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Degradation of lead and Britannia fittings


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Appears I may be stuck with lead fittings with Mamoli CSS Aabama. Can they be properly treated other than primer or watered down white glue to slow down the degradation of the lead over the long run. Does this problem also plague Brittania metal fittings.

Would wood or brass copies when feasible be better. Could not find Metal for dummies #2 at Amazon.

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John,

 

I would think that a clear coat of the organic solvent sort would buy you time, but if the "white glue" is PVA, that has the potential to be a disaster.  The final product in lead disease is lead acetate -I believe.

I am not sure how much if any acetate is in bookbinders PVA,  but all other woodworkers PVA has as much acetic acid as 5% vinegar.  My guess is that a PVA coat would accelerate the disintegration of a lead casting.  

The clear coat using lacquer et al. has the disadvantage of not being glass and thus allowing gases to migrate across it.  A quick smell of vinegar tells you that acetic acid is partially a gas at RT.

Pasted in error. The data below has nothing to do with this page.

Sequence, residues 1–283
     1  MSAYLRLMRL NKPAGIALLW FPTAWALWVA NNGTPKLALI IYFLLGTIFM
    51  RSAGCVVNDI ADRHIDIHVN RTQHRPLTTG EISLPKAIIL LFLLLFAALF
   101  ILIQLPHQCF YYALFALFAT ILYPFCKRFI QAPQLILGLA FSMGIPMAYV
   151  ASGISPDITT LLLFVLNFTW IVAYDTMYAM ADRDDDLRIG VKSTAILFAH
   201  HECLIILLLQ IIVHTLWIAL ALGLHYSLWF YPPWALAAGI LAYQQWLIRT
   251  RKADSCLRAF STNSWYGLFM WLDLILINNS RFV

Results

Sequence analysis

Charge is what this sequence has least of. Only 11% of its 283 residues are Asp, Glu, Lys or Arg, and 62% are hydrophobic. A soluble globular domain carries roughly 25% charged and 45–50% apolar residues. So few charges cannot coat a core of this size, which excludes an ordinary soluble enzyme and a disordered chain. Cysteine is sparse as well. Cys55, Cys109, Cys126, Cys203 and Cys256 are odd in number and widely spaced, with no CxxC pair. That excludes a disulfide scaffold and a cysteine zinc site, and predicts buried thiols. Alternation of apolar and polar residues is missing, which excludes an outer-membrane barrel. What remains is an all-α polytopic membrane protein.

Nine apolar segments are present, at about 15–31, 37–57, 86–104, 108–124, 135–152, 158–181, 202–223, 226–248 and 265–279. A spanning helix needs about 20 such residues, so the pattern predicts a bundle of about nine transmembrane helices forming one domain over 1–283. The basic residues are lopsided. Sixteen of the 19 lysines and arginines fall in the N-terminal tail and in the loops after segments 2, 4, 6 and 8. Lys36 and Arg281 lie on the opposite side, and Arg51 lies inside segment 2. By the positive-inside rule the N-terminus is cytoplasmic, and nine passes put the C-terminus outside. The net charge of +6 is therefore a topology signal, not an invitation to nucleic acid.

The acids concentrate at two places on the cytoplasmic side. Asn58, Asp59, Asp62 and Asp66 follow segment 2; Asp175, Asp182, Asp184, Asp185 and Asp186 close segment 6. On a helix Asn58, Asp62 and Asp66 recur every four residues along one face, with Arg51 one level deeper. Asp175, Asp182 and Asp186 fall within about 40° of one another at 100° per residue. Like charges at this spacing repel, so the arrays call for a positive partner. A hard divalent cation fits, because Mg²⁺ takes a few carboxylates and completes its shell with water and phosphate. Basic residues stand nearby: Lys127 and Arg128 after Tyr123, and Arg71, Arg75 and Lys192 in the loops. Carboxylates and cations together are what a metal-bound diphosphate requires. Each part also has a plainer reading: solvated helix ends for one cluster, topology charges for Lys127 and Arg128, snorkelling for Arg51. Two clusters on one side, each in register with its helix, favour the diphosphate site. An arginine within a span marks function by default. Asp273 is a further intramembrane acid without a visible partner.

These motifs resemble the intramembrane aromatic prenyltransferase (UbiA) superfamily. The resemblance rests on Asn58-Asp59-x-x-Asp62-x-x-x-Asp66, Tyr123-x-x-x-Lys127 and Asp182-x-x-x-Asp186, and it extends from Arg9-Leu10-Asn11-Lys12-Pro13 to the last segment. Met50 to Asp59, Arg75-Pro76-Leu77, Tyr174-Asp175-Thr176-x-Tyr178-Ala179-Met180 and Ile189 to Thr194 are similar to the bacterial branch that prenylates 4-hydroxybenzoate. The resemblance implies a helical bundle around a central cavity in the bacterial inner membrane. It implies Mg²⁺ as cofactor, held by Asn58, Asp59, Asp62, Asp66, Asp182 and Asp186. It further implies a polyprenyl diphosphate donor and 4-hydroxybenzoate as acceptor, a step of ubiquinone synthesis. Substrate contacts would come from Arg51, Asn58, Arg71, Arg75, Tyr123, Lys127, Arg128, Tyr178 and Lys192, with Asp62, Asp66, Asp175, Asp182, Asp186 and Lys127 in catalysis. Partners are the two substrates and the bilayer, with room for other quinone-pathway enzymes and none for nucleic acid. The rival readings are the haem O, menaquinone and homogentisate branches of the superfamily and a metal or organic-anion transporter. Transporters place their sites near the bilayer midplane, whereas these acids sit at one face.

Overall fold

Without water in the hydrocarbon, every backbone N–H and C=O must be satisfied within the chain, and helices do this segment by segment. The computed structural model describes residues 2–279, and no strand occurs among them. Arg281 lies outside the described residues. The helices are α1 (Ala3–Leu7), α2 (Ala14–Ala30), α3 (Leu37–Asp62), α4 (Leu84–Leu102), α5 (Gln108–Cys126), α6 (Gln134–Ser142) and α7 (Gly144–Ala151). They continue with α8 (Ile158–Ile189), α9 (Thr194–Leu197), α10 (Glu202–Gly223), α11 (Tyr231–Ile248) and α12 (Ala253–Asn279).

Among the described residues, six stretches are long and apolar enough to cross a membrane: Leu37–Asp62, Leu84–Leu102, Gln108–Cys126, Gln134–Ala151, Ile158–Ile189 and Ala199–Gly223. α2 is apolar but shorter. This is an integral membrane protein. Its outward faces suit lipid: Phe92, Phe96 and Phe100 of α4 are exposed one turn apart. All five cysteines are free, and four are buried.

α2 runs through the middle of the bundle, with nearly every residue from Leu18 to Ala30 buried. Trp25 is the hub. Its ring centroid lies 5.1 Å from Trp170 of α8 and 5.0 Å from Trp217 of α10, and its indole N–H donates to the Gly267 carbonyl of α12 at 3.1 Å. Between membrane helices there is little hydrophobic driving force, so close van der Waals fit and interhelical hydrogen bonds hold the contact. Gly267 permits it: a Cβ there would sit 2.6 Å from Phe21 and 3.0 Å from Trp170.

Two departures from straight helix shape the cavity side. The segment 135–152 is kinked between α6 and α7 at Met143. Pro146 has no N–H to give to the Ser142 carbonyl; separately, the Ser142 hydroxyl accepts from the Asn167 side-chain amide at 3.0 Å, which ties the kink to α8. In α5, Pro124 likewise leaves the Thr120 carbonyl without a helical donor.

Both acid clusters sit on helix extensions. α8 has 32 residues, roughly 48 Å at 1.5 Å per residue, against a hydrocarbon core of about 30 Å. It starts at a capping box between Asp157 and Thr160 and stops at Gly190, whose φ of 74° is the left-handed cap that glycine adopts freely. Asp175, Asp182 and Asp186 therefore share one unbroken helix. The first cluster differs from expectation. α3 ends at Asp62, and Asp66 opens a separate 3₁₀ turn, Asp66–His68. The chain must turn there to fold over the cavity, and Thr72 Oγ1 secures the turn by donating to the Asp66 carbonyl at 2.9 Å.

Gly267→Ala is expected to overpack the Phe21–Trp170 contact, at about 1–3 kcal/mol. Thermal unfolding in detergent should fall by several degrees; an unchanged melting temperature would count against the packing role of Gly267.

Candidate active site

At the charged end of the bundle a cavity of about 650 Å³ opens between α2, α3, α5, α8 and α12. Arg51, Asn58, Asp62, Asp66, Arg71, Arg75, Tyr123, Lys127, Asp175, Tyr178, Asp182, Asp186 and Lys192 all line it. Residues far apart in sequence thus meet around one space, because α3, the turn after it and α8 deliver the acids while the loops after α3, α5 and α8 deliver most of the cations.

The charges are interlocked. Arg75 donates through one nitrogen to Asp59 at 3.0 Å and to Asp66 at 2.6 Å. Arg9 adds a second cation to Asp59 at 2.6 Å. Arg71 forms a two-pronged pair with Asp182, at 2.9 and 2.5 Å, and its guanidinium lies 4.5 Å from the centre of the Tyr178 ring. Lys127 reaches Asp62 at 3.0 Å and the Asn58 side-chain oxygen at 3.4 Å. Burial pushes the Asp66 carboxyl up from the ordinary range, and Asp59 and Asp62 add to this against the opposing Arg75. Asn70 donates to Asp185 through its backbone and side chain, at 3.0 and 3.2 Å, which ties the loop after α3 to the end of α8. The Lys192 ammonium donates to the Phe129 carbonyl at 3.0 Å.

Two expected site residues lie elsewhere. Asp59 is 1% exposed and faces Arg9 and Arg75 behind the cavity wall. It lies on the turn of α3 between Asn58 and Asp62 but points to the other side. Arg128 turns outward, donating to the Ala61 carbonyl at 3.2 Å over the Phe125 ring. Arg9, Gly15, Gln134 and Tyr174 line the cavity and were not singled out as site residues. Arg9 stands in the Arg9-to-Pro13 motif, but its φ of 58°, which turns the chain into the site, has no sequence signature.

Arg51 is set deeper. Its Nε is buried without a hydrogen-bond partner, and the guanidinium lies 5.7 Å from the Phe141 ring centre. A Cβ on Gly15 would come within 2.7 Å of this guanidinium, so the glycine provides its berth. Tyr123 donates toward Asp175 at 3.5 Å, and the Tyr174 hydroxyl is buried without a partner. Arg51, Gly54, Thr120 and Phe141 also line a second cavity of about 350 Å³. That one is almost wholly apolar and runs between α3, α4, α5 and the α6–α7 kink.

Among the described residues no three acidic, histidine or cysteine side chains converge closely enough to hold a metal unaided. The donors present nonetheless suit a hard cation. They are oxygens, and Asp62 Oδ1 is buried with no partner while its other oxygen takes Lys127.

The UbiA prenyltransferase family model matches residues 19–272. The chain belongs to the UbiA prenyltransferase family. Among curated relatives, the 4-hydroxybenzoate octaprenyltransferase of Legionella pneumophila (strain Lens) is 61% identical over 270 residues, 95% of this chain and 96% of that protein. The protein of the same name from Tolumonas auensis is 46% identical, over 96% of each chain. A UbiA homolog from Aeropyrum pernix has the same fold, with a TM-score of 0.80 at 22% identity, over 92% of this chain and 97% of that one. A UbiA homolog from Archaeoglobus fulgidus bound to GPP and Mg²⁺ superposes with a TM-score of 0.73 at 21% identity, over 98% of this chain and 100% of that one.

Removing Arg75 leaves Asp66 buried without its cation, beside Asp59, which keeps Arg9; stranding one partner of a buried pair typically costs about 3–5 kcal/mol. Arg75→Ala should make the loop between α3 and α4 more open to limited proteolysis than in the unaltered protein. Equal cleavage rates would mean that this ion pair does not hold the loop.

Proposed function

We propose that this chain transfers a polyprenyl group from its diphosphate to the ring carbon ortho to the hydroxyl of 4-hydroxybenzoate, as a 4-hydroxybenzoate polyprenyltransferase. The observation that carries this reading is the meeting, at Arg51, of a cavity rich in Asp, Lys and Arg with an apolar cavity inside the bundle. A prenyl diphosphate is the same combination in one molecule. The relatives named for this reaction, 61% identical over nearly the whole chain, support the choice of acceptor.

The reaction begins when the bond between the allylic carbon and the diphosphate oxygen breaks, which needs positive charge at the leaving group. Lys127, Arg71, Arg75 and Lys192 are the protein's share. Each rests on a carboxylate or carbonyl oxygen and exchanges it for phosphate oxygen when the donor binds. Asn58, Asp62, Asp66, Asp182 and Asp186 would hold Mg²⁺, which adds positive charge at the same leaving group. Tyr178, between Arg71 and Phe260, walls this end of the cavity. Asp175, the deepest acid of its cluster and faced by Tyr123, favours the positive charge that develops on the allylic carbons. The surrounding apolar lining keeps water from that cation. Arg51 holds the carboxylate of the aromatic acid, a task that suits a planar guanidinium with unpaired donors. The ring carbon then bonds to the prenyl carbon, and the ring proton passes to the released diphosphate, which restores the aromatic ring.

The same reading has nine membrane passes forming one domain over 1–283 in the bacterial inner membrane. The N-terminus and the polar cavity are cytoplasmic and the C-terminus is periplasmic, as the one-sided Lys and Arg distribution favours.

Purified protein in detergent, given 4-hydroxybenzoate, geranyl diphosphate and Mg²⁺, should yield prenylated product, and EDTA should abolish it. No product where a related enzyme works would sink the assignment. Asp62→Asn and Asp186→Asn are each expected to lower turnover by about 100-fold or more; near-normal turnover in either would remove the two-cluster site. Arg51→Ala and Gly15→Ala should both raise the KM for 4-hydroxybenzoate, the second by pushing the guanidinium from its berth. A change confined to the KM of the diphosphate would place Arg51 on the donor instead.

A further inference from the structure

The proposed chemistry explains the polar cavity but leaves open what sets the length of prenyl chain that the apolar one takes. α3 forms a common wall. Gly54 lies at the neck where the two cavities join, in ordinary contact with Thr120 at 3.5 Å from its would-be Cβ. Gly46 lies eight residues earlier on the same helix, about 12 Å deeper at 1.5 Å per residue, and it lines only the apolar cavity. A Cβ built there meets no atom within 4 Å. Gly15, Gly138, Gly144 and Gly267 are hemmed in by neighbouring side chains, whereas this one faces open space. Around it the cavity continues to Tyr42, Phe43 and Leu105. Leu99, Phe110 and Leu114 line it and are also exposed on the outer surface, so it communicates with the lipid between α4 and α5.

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  Lead (or more likely tin/lead) fittings will be soft and bendable.  If primed on all surfaces (not sure which primer works best for tin/lead - but what is sold for cast military figures and 'flats' is obviously suitable), then painted with enamel (not acrylic) - they can last a long time without oxidation, since oxygen won't go through the coatings.  I found a painted CW tin/lead soldier I cast as a boy over 50 years ago, and it is in perfect condition.  Antique figures can be so found, as long as the coatings don't get scratched or chipped.

 

  Any lead in these figures has been banned for some time, so tin based 'pewters' have been used.  95/5 tin/antimony is "out" these days because of the antimony.  Something like 2% copper is alloyed with tin ( to make Britannia metal), since pure tin degrades under freezing temperatures.  (Napoleon's soldiers buttons fell apart on the road back from Moscow.)  One can see 'Britannia metal' (tin-copper) plate wear over 200 years old on display in museums in excellent condition, whereas the cheaper stuff with lead go dark grey and can oxidize in high humidity.  Conclusion ... Britannia metal is fine without painting for centuries - now I'm not talking about buried in soil, which will ruin anything other than gold (or platinum).

 

  Some kits have zinc metal castings, since anything with lead these days is a no-no.  Zinc can likely take the same primer, although zinc chromate is the best.  Some early zinc cast toy locomotives had zinc with contaminants and suffered from an internal degradation that caused them to crumble from the inside in spite of coatings.  I'm talking about stuff from the 1920s and 30s.  Since then, there are no reports of 'bad' zinc.   Johnny

 

  

 

 

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